Where Diabetes Come From? Reasearch of Early Science and History of Diabetes - Diabetes Natural Remedies and Breakthroughsr
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Monday, November 4, 2019

Where Diabetes Come From? Reasearch of Early Science and History of Diabetes

Diabetes may essentially be termed as major disarray in the metabolism of the body thereby resulting in unquenchable thirst and the production of urine due to it.

Diabetes is currently pretty viral all throughout the world but it is nothing to have headaches about. If Diabetes is common, so is its cure. Having Diabetes does not mean that your world has ended and that all you can eat is green leaves for survival. Diabetes can be cured merely by maintaining a healthy and tasty diet that gives you equal proportions of nutrients and taste. Diet for Diabetes is not even close to as horrible as you think it to be."

Where Diabetes Come From?

The history of Diabetes:
The medical community has been studying Diabetes for thousands of years. We have made many modern discoveries that have shaped the way that we manage the disease and understand its causes.

Where does Diabetes come from?

Type 1 diabetes is caused by the body’s immune system treating insulin-producing beta cells from the pancreas as an infection. Scientists believe that this condition is caused by environmental factors like viruses as well as gene history.

Type II diabetes remains the most common form of the disease. It can be caused by family history and genes, and overall resistance to insulin or a combination of physical inactivity and living in an overweight or obese state.

Early Science of Diabetes:

Some of the first known mentions of the symptoms of Diabetes date back to Egyptian physicians. Hesy-Ra was one of the first scientists to document a condition that was characterized by emaciation and frequent urination. This documentation dates back to 1552 BC.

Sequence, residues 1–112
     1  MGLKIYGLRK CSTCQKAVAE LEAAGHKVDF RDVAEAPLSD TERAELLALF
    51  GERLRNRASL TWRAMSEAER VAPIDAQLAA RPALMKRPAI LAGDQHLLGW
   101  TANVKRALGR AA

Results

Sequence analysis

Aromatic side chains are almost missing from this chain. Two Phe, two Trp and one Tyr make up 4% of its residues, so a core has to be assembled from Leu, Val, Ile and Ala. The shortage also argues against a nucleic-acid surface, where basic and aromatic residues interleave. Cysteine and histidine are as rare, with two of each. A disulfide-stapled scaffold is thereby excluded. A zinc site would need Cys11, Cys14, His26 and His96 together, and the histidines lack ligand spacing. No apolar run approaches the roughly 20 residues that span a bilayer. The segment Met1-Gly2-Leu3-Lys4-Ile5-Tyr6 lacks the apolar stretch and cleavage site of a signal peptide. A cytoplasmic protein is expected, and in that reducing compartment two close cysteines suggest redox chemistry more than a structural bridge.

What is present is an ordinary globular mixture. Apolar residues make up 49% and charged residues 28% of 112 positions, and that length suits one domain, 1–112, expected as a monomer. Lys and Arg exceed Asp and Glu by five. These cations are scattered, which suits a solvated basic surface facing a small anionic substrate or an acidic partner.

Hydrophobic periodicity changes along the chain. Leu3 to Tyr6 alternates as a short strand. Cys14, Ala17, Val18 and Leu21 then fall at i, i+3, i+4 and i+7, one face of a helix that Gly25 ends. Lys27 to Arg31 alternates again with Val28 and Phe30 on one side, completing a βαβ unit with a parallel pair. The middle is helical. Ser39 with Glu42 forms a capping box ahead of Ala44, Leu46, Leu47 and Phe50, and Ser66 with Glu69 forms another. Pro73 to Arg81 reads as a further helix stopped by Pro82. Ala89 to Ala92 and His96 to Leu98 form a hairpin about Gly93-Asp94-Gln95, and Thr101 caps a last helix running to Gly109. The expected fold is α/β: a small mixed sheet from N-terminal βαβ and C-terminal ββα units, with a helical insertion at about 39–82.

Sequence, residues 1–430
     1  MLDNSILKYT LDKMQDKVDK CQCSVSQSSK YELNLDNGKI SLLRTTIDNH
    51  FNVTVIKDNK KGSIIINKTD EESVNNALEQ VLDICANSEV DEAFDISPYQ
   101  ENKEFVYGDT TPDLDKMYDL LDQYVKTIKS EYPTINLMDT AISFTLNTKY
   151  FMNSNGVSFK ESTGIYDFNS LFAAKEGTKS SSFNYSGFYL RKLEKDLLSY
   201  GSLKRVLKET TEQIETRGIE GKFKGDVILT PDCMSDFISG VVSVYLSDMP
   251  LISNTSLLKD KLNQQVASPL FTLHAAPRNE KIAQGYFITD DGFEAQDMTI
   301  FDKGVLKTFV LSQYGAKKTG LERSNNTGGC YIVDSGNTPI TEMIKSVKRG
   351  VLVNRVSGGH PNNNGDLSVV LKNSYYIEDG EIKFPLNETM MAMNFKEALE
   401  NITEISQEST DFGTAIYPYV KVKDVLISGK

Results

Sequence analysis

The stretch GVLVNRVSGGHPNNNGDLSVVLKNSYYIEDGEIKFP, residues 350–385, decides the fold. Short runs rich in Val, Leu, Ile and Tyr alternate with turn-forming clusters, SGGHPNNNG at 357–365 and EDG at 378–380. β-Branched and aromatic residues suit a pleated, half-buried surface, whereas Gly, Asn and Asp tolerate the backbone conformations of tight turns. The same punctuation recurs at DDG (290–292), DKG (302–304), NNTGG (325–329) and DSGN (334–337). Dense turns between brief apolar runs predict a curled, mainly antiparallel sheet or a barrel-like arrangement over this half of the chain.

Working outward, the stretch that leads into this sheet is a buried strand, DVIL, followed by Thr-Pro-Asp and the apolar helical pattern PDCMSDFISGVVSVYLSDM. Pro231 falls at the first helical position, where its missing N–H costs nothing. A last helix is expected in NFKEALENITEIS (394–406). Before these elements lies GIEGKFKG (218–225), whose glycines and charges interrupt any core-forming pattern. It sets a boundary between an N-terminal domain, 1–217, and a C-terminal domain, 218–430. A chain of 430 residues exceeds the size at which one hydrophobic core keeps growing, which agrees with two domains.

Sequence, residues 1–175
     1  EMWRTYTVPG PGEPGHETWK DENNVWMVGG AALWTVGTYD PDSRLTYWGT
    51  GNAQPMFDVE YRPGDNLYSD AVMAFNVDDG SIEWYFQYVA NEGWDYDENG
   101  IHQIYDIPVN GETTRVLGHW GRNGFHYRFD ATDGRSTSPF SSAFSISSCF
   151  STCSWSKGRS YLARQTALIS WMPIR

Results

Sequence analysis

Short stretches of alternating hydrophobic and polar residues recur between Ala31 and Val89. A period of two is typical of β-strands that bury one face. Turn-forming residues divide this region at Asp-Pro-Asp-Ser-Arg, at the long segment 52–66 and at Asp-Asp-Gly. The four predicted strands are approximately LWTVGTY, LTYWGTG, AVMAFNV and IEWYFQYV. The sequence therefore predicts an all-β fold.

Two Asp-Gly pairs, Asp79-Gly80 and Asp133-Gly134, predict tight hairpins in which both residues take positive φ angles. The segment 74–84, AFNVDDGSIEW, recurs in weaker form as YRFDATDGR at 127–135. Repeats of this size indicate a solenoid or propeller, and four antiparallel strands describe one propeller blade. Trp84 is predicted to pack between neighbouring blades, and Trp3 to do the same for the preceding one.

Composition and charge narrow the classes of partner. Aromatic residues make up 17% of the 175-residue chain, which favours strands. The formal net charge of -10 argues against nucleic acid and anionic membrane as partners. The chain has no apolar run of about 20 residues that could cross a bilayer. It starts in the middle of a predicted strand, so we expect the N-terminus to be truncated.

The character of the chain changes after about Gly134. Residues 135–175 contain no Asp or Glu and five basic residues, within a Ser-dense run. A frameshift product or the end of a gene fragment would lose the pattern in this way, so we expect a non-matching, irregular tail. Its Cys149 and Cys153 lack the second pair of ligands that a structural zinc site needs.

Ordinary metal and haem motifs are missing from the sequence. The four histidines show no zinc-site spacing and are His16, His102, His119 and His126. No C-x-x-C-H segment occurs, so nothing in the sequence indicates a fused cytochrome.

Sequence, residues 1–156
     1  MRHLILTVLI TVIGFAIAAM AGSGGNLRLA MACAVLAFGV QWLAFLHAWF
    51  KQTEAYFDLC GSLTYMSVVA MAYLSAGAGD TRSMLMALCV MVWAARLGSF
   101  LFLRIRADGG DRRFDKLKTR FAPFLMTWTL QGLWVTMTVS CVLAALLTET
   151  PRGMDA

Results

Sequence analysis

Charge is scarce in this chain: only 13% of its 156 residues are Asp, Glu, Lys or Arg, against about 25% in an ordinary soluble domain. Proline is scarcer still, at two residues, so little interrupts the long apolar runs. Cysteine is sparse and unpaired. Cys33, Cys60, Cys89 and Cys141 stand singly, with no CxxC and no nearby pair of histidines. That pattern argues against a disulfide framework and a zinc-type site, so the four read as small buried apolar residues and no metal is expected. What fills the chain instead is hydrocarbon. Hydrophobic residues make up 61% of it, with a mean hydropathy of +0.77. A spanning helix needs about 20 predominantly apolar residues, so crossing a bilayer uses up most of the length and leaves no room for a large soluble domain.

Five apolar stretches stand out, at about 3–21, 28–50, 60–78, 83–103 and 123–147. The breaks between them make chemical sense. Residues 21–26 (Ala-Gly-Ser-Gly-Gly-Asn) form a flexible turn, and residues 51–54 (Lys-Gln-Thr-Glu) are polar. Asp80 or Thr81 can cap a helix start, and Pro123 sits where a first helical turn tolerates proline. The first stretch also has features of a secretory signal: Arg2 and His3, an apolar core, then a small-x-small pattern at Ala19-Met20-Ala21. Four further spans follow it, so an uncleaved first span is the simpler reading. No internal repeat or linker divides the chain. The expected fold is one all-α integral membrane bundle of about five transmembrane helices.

Greek physicians in 150 A.D. also noted a condition that would melt down the flesh and limbs slowly while causing a patient to urinate more frequently.

The earliest treatments for Diabetes often involved exercise or horseback riding that could relieve the excessive need for urination. In the 1800s, physicians would recommend dietary changes to manage the symptoms of Diabetes. It wasn’t until the 1870s that an individualized diet for diabetes treatments was produced.

Even with many of these advances, Diabetes would often cause symptoms that would eventually result in a patient reaching a fatal condition. Insulin studies first completed in 1889 by Oskar Minkowski and Joseph von Mering, allowed us to understand the nature of the pancreas better. Work by Georg Zuelzer in Germany involving pancreatic extract also established a control measure for Diabetes.

One of the most significant breakthroughs in managing Diabetes came from Frederick Banting in the year 1922 when he was able to develop an insulin treatment for diabetic patients.

Insulin treatments are still used today for treating type I Diabetes. Several other medications have been developed to assist with control in blood glucose levels. Proper dietary changes, blood sugar testing methods and hands-on healthcare have led to a reduced risk for those diagnosed with Diabetes. The number of health complications associated with the disease is manageable, but there is not a known cure.

1500 BC — Ancient Hindu writings note that ants are attracted to the urine of people with a mysterious emaciating disease.

1552 BC – Written on a 3rd Dynasty Egyptian papyrus, physician Hesy-Ra mentions frequent urination as a symptom.

164 AD – Greek physician, Galen of Pergamum, diagnoses diabetes as a kidney ailment.

16th Century – Paracelsus identifies diabetes as a serious general disorder.

1921 – Banting presents The Beneficial Influences of Certain Pancreatic Extracts on Pancreatic Diabetes, summarizing his work at a session of the American Physiological Society at Yale University.

Early 1800′s – Researchers develop the first chemical tests to indicate and measure the presence of sugar in the urine.